Well, almost 3 years later, I’m still covering online business for and I have gotten to know the topic very well. I’ve met some very interesting and famous people. People like Chris Guillibeau, Jim Kukral, Jeff Hazlett (Celebrity CMO) and, Fabio Rosati (CEO of Elance). CEOs of large companies, best-selling authors and small business owners.

Along with these interviews I’ve been able to test a huge range of software, hardware and training materials. In the past two and a half years I’ve read more than 60 books and listened to more than one hundred hours of training. As I took this training, I applied it to GringosAbroad – our travel / expat website. It quickly grew from obscurity to the most popular English-language travel website in Ecuador. Profitable travel blogs are not very common. Recently, GringosAbroad passed 1 million page-views since we founded it just over two years ago. This is a significant feat for an extremely niche travel/expat blog.

So there you have it.

This is the long version of how-we-got to where-we-are.

Blogging has become a daily routine for our family. Dena and I run two blogs: this one and Gringos Abroad. I write on and we all write on the Red Mangrove Galapagos blog.

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Meet the Author

Bryan Haines is co-editor of GringosAbroad - Ecuador's largest blog for expats and travelers. He is a travel blogger and content marketer. He is also co-founder of ClickLikeThis (GoPro tutorial blog) and Storyteller Travel.

9 comments… add one
  • Laurence Apr 11, 2013, 3:07 pm

    Hi Bryan,

    Fellow Canadians (my wife and I) here.

    We’re looking at doing what you have done, but are completely lost as to how to go about living down there full time in regards to visas/length of stay/work visa, etc. Have not found any definitive answers from anyone up here, so would love to know how you went about it so easily.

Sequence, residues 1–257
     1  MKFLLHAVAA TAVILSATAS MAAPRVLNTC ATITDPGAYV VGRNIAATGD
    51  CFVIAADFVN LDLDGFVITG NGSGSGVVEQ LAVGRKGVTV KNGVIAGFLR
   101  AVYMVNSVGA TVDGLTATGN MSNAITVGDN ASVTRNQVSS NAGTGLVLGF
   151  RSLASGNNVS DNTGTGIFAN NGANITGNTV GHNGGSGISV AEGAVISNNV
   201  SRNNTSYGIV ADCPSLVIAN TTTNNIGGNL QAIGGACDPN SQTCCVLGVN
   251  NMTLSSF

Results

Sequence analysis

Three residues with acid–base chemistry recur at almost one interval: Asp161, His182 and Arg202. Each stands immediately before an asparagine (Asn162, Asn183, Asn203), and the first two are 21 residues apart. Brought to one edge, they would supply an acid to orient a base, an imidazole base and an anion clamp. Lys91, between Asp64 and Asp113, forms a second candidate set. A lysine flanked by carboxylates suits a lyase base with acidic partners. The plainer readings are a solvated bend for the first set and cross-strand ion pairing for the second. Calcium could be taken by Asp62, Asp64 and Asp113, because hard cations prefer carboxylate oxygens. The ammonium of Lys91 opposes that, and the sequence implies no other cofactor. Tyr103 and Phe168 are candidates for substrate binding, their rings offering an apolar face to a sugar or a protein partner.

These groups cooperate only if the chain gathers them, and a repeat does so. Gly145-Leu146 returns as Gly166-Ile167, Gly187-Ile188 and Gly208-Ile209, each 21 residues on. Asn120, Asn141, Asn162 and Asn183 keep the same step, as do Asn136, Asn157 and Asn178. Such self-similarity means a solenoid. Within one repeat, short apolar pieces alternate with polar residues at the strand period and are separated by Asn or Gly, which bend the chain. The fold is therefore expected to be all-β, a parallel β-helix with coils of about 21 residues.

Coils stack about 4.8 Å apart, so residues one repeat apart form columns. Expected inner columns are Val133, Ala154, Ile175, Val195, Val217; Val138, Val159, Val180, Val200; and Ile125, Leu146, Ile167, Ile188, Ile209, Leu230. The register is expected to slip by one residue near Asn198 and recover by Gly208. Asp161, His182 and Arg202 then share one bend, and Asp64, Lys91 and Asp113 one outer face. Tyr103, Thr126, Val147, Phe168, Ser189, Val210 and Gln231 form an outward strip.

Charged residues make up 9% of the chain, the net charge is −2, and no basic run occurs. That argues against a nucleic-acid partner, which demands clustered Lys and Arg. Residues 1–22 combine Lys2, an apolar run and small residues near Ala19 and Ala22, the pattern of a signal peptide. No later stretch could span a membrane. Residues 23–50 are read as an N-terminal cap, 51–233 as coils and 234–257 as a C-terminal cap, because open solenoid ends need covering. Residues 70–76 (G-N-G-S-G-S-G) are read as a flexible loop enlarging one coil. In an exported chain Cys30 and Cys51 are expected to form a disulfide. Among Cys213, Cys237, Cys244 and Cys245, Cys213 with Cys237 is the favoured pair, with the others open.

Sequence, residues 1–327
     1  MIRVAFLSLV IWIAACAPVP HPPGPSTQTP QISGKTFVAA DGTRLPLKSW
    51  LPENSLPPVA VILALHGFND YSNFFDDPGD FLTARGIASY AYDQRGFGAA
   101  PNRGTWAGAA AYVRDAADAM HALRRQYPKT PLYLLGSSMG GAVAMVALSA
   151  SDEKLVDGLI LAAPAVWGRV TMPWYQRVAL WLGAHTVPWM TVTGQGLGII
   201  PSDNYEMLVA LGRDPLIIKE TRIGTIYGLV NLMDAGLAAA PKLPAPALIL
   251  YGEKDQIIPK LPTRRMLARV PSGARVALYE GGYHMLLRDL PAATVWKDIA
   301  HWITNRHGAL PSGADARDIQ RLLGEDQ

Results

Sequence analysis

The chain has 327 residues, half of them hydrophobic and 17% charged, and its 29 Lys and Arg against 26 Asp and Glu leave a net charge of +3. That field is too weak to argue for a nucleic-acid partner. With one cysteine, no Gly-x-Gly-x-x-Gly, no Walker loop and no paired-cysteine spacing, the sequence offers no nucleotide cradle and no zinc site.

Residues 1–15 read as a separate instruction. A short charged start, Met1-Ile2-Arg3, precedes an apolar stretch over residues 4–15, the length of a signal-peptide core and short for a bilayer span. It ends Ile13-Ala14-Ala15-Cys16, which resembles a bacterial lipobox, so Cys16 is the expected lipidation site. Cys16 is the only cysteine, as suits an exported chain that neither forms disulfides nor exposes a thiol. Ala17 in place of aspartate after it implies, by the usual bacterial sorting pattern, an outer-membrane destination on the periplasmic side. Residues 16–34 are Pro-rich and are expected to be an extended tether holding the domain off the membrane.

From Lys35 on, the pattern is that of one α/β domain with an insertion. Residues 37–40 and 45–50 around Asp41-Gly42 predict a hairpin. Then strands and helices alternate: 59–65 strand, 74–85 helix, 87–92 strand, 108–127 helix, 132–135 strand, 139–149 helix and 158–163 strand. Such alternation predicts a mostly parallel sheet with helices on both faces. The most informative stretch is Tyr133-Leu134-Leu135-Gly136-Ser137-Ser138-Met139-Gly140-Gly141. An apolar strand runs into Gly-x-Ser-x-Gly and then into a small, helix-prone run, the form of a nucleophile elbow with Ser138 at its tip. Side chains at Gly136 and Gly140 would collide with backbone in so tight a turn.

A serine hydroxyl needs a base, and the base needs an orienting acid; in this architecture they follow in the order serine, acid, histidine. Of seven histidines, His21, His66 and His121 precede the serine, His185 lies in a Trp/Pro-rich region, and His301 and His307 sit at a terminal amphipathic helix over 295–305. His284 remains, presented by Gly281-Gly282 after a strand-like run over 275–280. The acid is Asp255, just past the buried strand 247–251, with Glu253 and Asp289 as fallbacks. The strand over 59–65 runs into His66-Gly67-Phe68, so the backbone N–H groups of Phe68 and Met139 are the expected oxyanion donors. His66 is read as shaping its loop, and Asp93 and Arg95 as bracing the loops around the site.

Great site, and we’ll be returning often!


    • Bryan Haines Apr 16, 2013, 7:04 pm

      Hi Laurence,

      It is best to speak with immigration lawyers. The rules have changed since we got our residency visa. We used Grace and Nelson here in Cuenca – but the rules are the same for the whole country.

      If you work online, you don’t need any special visa here. But to get a job here is a different situation.

  • Greg Apr 4, 2013, 6:15 am

    Hi what a great story you have, i run a website Holiday scotland also a travel blog, i recently monatised but still not earning much money…..definatly not enough to buy my dream cottage in the Scottish Highlands. i have takedn some ideas from your posts and hope they work, i will continue to read your blog for further advice, or if you can offer any help please contact

    • Bryan Haines Apr 5, 2013, 7:41 am

      Thanks Greg. We’ll be covering specific techniques and case studies over the coming months.

  • Richard Breakell Apr 3, 2013, 4:26 pm

    I just read the above history of you and your wife and was completely fascinated. I am now living in Cuenca (1month) and would very much like to meet you both in person. I am a senior, semi retired businessman from Canada via Dallas. I would love to have a coffee or lunch or dinner with you and your wife.
    I am on Magic Jack at 972 953 7006.
    Hope to meet you soon.
    R.C. (Dick) Breakell

    • Bryan Haines Apr 4, 2013, 5:38 pm

      Thanks Richard. I hope things are going well for you and I’m sure we’ll run into each other downtown.


  • Nicole Feb 9, 2013, 7:44 am

    Hi Bryan, I came across your site through a Google search (attesting to your success as an online businessperson) and found it informative. The story of your failures and ultimate successes are inspiring and thought provoking. My partner Murray and I are active early 50 year olds, prepping to cart our back packs to Ecuador later this week. The initial touch down is Guayquil to Playas where we will stay for 5 days and then head to Vilcabamba for some hiking. Our trip to Vilcabamba is not yet booked and we are open to suggestion and options. Our flight back to Canada is Feb 24 from Guayaquil. We are ‘off the beaten path’ types, completely nerdy with our curiosities into culture and nature. Let me know if you have some little insights and recommendations. Great to hear your story of living abroad. I have also experienced expatriate life outside of Canada and ponder dipping into those ‘seas’ once again.

    Most sincerely,

    • Bryan Feb 9, 2013, 12:11 pm

      Thanks Nicole – you’ll have a fantastic trip. Ecuador is a beautiful country to explore. I hope you keep sharing your adventures here and on GringosAbroad.